Create sustainable baby milk with algae-based omega 3s

November 3, 2021
4 min read

Baby milk companies have an opportunity to be at the forefront in championing sustainability by switching to fish oil substitutes. At the same time, brands can harness algae oil’s safety, naturalness and purity properties as a value-added ingredient.

Parents are aware of the importance of omega-3 fatty acids as a crucial component in baby milk. The emerging plant-based baby milk segment can utilise algae oil as its source of omega-3 fatty acids.

Seaspiracy raises questions about the sustainability of fish oil

The Netflix documentary, Seaspiracy has reignited the debate about the sustainability of seafood. The popular documentary raises questions about seafood as a sustainable food source.

Fish oil is one of the major ingredients in baby milk with two in five global baby milk launches in the year to May 2021 containing oil derived from fish, according to Mintel GNPD.

Growing consumer concern about sustainability and interest in plant-based food suggests that it may be time for baby milk and food makers to reconsider the use of fish oil and look at alternatives.

UK-based Kendamil has taken the opportunity to promote the fish oil-free narrative by proudly claiming it is the “only baby milk in the UK that doesn’t use fish oil”. Kendamil uses omega-3 from marine algae in its baby milk.

Algae oil can be positioned as a more sustainable and cleaner source of omega-3

With marine pollution getting more serious, brands can explore algae oil as a viable substitute for fish oil. Algae-based omega-3 fatty acids (eg DHA, EPA) offer a more sustainable source. Algae grows quickly using fewer resources (eg freshwater, arable lands) and does not contribute to overfishing.

As algae are cultivated in a controlled environment, it offers extra assurance in terms of safety, cleanliness and ocean-borne contaminants. In Thailand, more than two in five of parents avoided processed fish products due to concern about toxins in processed fish (non-parents: one-third).

Food safety is high on the agenda for parents when it comes to baby milk. The recent heavy metal contamination scandal in the US has forced some brands like Beach-Nut to terminate the production of single grain rice cereal, while others look for alternative ingredients.

Algae-based omega-3 can meet the needs of parents drawn to plant-based baby milk

Plant-based Prémibio Prémiriz with DHA from algae (France)

Baby milk companies are shifting their attention to plant-based milk to meet parents’ demand for “clean”, allergen-free infant formulas. Such products can be an option for toddlers with a cow’s milk allergy. They can also target parents who want to give their toddlers plant-based nutrition.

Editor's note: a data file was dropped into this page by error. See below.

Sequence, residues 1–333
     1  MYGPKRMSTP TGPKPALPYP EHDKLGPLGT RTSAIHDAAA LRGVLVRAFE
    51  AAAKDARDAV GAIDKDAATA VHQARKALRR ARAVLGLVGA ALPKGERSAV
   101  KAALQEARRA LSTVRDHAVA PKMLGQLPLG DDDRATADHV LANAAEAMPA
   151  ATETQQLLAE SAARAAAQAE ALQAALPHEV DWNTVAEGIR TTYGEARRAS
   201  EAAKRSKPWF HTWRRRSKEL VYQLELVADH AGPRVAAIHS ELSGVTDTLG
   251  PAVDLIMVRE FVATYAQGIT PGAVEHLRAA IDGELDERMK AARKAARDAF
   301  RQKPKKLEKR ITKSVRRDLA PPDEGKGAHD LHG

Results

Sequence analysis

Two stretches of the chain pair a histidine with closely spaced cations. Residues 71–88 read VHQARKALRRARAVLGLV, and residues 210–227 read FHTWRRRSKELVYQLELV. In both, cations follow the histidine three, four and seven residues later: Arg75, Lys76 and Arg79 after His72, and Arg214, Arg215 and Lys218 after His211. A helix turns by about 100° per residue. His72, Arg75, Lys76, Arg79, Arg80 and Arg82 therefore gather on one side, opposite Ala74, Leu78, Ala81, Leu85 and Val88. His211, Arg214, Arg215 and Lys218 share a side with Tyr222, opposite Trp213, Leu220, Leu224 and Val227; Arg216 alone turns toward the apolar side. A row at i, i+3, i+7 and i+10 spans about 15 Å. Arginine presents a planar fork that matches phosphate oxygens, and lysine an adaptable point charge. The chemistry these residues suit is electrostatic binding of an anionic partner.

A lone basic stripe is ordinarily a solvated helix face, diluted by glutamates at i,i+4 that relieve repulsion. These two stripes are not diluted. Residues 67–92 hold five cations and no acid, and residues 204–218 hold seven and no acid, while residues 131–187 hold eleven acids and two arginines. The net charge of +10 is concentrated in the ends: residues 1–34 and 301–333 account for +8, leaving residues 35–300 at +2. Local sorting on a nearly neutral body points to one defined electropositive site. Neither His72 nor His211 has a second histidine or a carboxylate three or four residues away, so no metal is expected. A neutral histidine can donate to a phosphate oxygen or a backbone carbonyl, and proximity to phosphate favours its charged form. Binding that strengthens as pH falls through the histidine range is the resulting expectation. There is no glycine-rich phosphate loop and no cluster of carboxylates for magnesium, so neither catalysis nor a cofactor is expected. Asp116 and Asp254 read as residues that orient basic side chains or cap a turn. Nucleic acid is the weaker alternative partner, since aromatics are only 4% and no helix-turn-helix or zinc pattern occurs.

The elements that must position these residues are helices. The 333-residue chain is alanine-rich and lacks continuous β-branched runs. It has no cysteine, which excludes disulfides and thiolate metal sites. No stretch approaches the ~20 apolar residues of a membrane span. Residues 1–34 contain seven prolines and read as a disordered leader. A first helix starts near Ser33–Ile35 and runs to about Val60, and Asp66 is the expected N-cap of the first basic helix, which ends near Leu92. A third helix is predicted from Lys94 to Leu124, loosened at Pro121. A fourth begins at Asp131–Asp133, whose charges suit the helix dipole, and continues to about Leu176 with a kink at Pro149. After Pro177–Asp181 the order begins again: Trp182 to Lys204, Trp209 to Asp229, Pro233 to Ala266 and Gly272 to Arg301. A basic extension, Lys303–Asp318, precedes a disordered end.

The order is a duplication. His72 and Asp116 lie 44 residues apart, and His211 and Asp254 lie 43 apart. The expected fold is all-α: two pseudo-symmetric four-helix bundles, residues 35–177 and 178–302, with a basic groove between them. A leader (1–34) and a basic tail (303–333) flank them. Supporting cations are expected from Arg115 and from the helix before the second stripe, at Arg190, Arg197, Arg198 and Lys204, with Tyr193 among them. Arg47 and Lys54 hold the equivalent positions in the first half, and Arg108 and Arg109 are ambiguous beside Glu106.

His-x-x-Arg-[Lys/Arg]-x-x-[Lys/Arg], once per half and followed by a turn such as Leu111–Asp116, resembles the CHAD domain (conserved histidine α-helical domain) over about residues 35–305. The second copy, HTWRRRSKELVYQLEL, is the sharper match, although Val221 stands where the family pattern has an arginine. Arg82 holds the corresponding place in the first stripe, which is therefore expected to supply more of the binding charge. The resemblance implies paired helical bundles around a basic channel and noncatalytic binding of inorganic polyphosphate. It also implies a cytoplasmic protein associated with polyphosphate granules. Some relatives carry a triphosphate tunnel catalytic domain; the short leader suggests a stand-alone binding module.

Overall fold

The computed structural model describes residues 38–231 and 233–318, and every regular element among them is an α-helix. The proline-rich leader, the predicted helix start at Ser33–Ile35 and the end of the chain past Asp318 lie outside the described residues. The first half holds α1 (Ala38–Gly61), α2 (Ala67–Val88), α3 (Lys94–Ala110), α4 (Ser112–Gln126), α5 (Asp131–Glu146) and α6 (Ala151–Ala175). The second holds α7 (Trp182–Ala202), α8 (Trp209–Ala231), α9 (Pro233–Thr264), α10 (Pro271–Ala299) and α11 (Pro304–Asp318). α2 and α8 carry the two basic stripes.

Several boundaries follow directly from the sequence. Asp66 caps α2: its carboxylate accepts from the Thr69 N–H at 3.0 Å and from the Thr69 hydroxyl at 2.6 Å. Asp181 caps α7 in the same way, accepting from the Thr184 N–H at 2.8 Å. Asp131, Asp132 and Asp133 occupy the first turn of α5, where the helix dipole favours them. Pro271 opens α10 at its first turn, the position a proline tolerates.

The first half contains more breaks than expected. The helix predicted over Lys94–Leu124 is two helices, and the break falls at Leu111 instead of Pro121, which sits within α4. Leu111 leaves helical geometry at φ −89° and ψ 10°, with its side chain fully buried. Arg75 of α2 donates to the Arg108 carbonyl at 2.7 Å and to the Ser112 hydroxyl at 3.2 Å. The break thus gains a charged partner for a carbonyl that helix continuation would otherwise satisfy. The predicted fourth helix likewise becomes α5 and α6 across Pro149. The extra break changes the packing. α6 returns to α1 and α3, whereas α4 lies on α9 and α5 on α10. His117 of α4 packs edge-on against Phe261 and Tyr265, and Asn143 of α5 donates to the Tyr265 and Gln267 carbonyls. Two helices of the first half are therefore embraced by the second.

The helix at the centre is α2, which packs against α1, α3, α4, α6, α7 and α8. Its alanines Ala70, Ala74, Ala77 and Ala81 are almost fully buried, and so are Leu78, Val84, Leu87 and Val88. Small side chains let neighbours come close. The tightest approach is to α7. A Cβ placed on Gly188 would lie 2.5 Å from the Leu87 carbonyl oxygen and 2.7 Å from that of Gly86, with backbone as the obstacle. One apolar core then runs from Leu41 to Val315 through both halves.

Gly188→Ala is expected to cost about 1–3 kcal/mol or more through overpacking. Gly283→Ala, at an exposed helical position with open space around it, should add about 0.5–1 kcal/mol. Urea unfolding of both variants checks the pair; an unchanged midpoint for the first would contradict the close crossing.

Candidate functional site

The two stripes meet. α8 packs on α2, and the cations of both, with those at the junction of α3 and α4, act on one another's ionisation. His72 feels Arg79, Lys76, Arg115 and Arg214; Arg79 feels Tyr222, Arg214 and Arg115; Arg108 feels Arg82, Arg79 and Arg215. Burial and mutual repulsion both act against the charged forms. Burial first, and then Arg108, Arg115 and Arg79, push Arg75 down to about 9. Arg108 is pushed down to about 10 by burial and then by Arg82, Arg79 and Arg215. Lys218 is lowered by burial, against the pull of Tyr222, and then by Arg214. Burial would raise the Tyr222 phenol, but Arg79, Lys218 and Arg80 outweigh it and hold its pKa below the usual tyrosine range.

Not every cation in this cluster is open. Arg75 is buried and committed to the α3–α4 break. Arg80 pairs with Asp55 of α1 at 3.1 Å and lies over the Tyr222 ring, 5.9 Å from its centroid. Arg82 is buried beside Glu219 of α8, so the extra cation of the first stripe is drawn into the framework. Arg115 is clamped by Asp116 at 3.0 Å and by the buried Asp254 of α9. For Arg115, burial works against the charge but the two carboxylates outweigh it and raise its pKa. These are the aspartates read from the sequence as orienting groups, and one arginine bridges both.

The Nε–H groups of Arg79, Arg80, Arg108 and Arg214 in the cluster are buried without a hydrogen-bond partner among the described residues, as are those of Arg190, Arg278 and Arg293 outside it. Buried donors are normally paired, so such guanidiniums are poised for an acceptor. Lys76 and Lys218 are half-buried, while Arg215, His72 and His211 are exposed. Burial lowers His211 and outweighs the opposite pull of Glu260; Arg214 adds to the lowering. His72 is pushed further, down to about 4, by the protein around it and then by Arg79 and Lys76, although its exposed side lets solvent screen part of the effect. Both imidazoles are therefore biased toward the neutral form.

Omega-3 fatty acids are an important component in baby milk, and parents are aware of this. In China, seven in 10 parents who fed their babies with infant milk formula have heard of DHA and know its role. Having a plant-based source of DHA will improve the nutritional profile of plant-based baby milk.

Large firms like Nestlé are exploring the application of microalgae in plant-based products. In 2019, Nestlé entered into a partnership with Corbion, the global market leader in algae ingredients, to develop the next generation of microalgae-based ingredients for plant-based products.

Plant-based infant formula opts for plant-based EPA/DHA extracted from marine algae

Bébé M Follow-On Formula is made from rice protein hydrolysates and manufactured using a cold process without palm oil. The infant formula contains EPA/DHA from marine algae (lithothamne, spirulina) (France).

Earth’s Best Non-GMO Plant Based Soy Baby Formula is lactose-free and made with non-GMO soy. The baby formula contains DHA from algae oil (schizochytrium) (US).

Gerber Good Start Soy Infant and Toddler Formula is made with soy proteins to ease digestion for tiny tummies that are milk- or lactose-intolerant. The formula contains DHA from algae oil (crypthecodinium cohnii) (US).

Algae oil can be a source of omega-3 in baby food

Baby food manufacturers can turn to algae oil as the source of omega-3. Algae oil does not come with any fishy aftertaste and has no fish oil smell. Moreover, algae oil lacks cholesterol.

Algae oil is also free from fish allergens. In the US, one in 10 parents with children under five years old say their children have food allergies, according to Mintel research on feeding the family.

Algae oil is ideal for plant-based baby foods. Cerebelly, which adopts a “veggie-first” approach, uses algae oil as its source of DHA.

What we think

Baby food and milk manufacturers, which use seafood as part of their ingredients, can start communicating about sustainable seafood. This will in turn lead to future opportunities for more traceability schemes and algae oil as a viable fish oil substitute. The biggest algae oil application will be in baby milk followed by baby food, with Asia emerging as the region with the highest potential.

Tan Heng Hong
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